That's the case with Strategic Search, which did not see any openings for permanent positions until March, when it began receiving inquiries from employers "selectively looking for situations," Sargis said.
The increased demand for contract and permanent workers, while not a full-fledged stream, is at least a trickle and is good news for U.S. staffing companies dealt a blow by the high-tech slump.
Demand for contract employees "declined 14 percent in 2001 to make last year one of the toughest years on record for the industry," according to an American Staffing Association report. On average last year, the ASA said 2.18 million temporary and contract employees worked for U.S. staffing firms in 2001, down from 2.54 million in 2000.
Firms that deal with permanent staffing also took a hit. The drop in hiring meant many small employment firms had to close up shop and large ones were forced to lay off employees. Business slowed and then dropped for Strategic Search after Sept. 11, but Sargis said that they were able to stay in business by being "nimble enough to take advantage of the jump in demand for security software talent after the terrorist attacks."
While demand for contract workers may be rising, so is the supply of contract workers. After losing their jobs in layoffs last year, many engineers who have been unable to find permanent positions have been forced to become independent contractors.
Casaceli of Trialon said there is "quite an influx of new blood" looking for contract work since the last quarter of 2001, which makes it easier for firms like Trialon and its clients to find good, qualified people.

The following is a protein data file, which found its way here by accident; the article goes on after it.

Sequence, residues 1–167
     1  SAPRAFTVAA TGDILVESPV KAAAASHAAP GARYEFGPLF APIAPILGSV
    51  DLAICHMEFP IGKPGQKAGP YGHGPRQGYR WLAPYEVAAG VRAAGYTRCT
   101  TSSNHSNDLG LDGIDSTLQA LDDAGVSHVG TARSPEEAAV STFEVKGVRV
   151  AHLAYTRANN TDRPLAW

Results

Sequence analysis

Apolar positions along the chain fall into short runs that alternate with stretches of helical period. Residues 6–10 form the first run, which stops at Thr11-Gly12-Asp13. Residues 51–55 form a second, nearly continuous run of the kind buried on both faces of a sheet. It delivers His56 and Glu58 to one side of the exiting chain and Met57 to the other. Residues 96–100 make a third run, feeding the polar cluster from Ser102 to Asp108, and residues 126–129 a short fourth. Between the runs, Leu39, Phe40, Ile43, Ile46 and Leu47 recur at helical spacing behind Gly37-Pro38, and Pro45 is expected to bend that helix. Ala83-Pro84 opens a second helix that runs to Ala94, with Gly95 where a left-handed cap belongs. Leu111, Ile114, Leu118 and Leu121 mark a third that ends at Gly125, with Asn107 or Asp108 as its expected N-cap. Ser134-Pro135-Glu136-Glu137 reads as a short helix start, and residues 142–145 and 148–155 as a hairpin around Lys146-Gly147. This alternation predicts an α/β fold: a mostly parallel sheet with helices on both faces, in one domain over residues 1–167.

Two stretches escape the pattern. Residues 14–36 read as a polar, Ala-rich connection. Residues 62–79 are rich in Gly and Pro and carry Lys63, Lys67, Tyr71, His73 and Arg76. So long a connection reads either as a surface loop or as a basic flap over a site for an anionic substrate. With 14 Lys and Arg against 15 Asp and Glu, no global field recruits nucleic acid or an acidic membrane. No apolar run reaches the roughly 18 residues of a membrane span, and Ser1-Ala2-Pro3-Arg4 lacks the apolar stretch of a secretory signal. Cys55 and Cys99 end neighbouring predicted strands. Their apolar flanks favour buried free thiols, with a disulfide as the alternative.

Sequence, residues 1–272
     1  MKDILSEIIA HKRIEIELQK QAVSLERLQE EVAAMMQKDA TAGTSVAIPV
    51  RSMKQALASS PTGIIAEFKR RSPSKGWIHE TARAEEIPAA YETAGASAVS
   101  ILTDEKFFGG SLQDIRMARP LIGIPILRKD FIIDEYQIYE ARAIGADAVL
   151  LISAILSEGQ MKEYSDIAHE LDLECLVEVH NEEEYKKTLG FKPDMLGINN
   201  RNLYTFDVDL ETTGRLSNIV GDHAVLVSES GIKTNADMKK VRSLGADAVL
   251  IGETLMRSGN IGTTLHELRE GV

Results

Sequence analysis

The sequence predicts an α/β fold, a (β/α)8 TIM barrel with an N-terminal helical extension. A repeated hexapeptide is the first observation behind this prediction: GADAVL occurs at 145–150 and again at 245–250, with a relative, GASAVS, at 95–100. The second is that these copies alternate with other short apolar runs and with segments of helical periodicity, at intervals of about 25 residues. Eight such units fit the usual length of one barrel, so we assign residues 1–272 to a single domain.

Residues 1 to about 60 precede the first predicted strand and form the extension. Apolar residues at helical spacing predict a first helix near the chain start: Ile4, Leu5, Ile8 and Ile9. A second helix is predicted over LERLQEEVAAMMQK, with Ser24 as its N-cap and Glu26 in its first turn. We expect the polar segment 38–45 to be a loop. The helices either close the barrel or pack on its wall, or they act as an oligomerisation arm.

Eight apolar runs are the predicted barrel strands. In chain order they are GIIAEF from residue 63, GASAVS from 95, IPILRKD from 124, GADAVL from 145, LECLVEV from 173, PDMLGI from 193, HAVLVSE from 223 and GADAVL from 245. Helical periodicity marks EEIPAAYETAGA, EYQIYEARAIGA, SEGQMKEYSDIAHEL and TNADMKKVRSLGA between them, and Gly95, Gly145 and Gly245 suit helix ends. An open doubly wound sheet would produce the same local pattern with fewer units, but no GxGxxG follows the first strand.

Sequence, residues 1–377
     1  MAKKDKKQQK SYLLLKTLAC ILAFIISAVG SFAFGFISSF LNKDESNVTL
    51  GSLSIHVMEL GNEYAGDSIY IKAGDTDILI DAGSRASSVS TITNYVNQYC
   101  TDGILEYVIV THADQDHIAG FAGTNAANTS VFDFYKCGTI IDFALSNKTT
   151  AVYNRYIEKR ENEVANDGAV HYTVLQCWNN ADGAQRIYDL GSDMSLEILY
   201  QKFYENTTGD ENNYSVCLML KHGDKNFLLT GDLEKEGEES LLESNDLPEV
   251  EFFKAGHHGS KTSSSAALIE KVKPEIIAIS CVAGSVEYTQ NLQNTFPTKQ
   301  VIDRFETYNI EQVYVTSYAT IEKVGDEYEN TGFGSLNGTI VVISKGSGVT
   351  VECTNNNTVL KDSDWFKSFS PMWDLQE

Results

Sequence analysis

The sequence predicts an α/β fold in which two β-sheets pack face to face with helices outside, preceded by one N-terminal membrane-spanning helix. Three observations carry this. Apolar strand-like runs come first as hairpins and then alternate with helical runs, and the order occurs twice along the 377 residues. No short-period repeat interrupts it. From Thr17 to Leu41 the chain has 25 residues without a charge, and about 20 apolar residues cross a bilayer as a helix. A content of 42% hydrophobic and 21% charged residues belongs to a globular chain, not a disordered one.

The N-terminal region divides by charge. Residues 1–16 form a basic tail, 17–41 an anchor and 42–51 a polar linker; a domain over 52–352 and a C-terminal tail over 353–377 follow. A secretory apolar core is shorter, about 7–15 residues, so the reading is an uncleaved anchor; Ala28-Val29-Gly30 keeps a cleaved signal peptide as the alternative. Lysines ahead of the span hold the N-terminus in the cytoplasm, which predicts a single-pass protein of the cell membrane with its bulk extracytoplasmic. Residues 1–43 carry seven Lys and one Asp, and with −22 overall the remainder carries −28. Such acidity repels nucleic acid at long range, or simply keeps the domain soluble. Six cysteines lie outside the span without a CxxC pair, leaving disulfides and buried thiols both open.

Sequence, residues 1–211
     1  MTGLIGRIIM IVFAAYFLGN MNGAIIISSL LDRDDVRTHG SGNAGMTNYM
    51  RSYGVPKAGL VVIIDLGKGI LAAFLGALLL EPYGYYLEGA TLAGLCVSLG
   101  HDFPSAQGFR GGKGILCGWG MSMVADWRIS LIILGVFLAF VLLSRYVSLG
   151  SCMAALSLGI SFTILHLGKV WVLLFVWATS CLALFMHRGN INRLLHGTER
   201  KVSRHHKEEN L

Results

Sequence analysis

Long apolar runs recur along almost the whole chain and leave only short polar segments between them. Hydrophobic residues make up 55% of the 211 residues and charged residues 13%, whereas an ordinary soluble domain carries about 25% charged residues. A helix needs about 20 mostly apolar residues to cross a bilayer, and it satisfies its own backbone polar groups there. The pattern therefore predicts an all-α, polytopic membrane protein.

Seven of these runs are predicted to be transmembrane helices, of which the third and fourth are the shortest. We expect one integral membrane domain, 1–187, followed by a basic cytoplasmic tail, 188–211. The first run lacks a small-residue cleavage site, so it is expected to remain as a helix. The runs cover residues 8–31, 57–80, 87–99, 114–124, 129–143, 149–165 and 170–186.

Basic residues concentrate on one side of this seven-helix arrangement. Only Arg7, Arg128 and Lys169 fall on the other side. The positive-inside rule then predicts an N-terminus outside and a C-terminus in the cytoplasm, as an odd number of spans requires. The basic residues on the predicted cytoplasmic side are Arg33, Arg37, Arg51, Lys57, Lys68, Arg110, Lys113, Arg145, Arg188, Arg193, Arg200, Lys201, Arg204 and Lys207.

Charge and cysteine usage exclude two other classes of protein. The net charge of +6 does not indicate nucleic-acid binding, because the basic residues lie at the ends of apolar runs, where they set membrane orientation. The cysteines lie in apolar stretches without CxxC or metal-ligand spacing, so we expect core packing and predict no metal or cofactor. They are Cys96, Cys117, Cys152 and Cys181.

The situation is reminiscent of the mid-1990s, when employers had the upper hand and could be "pretty picky" about whom they hired, Casaceli said, adding, "if they're good, engineers will always have a job."
Engineers who are thrust into contract work because of a layoff often find that their skills and experience are not as marketable in the contract employment arena.
Those with leading-edge skills and knowledge are in greatest demand, while those who have been in manufacturing, production or fields that aren't as leading edge have a hard time finding contract assignments, according to Casaceli.
One engineer who contacted EE Times said he has been finding employment as a contract worker since Polaroid laid him off two and a half years ago, but hasn't had a decent assignment since Sept. 11.
A longtime employee in Polaroid's ID group who focused on electronic imaging said he is teaching himself Verilog to make himself more marketable, but finds most employers want people with experience. While he searches for a new engineering assignment, he is substitute-teaching in his hometown to make ends meet.
Many engineers seeking work may find themselves in the same position. While there is a slight upswing in hiring, companies are still running lean, offering positions in critical positions only. When openings do occur, companies want someone with the exact experience, Casaceli noted.